Communicating With Your Emotional Teen

Emotional Teens, Emotional Health, Communicating with Teens, Teen AngstThis guest post is by Sheri Van Dijk, MSW, is a mental health therapist in private practice and at Southlake Regional Health Centre in Newmarket, ON, Canada. She is the author of Don’t Let Your Emotions Run Your Life for Teens.

Unfortunately, emotional problems are often a part of growing up – as teens go through hormonal upheavals, while at the same time learning how to separate themselves from their parents, and learning how to interact and fit in with their peers. It’s certainly not an easy time; of course, some teens also experience mood or anxiety disorders which compound this problem. But whether your teen is going through simple teenage angst or is experiencing more severe emotional problems, there are things you can do to help. In this article I’ll first give you some tips to identify when your teen likely needs professional help; then I’ll discuss two skills to help you communicate in a healthier way with your teen, which will also help her learn to manage her emotions better.

There’s no wrong time to offer your teen professional help – it doesn’t make you a failure as a parent or say anything about the relationship you have with your child. On the contrary, offering that option – even if it gets shot down – shows her that you want to help and you’re willing to offer her options if she feels she can’t talk to you. If she does take you up on the offer, don’t take it personally! Rather, be grateful that she’s agreeing to speak with anyone, even if it can’t be you right now. So, there’s no wrong time to offer professional help, but there definitely are some right times:

  • If your teen has talked about suicide or if you see signs of self-harm such as cuts or burns on her body, you definitely need to get her to see a professional immediately.
  • If your teen is isolated, with no friends or very few friends that she socializes with, this can be a problem in more than one way. Of course we all need people in our lives; as humans we’re simply social creatures. But in the adolescent years, kids are learning a lot from their peers about what’s “normal” or “acceptable” and what’s not. If your teen doesn’t have anyone to share feelings and ideas with, this can leave her confused. Social isolation can also be a sign that your teen is being bullied.
  • If your teen is suffering from an addiction – such as drugs, alcohol, videogames, or the internet – she needs professional help. Of course, it’s often hard to know when your teen has an addiction, but look for warning signs: apart from the typical signs of intoxication such as slurring of speech, staggering, symptoms of hangover and so on, look for mood swings; change in school performance; paying less attention to hygiene; increase in requests for money; or isolating herself more from the rest of the family.

Of course, many of these symptoms are also just signs that you have a teen in the house, so remember to look at the big picture.

  • If your teen’s anger is out of control – for example, if she starts becoming physically aggressive, she needs to speak with a professional.

These are just a few suggestions as to when it’s important to offer professional help to your teen, but also trust your instincts. Even though your teen might seem completely different from the child you’ve known for the past 14 years, you still know your child best, so listen to your gut. And, start using the following skills to help you communicate in a healthier way with your teen.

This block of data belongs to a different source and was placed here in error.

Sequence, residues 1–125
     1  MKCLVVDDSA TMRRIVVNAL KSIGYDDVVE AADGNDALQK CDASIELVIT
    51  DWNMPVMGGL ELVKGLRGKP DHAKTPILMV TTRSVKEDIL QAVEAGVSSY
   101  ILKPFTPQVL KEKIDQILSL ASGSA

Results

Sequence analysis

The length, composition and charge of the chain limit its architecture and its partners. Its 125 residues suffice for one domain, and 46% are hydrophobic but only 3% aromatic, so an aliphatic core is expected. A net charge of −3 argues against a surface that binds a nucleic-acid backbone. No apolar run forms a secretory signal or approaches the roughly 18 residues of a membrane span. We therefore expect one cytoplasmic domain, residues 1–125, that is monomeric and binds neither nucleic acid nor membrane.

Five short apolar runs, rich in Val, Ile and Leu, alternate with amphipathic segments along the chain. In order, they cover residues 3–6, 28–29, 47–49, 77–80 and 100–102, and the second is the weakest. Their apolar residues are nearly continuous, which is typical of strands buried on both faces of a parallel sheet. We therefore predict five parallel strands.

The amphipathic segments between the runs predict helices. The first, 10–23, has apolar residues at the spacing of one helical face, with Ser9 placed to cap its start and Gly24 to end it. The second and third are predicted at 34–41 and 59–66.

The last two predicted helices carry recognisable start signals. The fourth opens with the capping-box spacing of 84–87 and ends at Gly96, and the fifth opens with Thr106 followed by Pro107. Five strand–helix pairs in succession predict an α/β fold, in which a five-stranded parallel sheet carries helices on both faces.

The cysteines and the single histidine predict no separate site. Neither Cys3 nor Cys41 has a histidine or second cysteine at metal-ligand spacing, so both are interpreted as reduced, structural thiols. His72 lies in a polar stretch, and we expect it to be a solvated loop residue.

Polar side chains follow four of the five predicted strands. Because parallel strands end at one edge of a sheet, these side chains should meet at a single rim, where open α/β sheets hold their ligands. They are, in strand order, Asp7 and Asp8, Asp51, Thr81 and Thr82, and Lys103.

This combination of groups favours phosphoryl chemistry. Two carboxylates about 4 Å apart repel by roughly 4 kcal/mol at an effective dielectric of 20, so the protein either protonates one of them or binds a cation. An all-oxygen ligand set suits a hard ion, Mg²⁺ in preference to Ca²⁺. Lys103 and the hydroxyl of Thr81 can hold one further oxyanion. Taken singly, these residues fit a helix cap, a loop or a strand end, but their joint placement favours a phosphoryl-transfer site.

The first skill is about not judging your teen. Often the behaviors you’re seeing are the result of your teen not knowing what else to do to alleviate the emotions she’s experiencing. So instead of judging her or her behavior, just describe what happened factually, and point out the consequences. In other words, instead of saying, “It was stupid of you to skip class”, be nonjudgmental: “Because you skipped class you’ve now got detention, your grades are falling, I’m angry with you, and you’re grounded.” The language we use will often make things worse, or will help us to calm the situation, so even when you’re furious with your teen, try to speak to her in a nonjudgmental way.

The second, similar skill that will help you communicate in a healthier way with your teen is known as validation. Validating your teen means telling her that you understand how she’s feeling, and that it’s okay – she’s allowed to feel that way. Even if you don’t like the way she feels (or the way she’s acting because of that emotion); even if you don’t completely understand why she feels that way; let her know that you understand the emotion, and that it’s not wrong or bad to feel that way.

These are just two skills that can help you keep the doors of communication open. It’s most important, of course, to let your teen know that you still love her in spite of her behaviors, in spite of the arguing, fighting, or other problems you’ve been experiencing, and that you want to help.

This guest post is by Sheri Van Dijk, MSW, is a mental health therapist in private practice and at Southlake Regional Health Centre in Newmarket, ON, Canada. She is the author of Don’t Let Your Emotions Run Your Life for Teens.

 

1 thought on “Communicating With Your Emotional Teen”

  1. Hey, cool article, but that photo you’re using was taken by me. Some form of credit would be highly appreciated. Just a suggestion.

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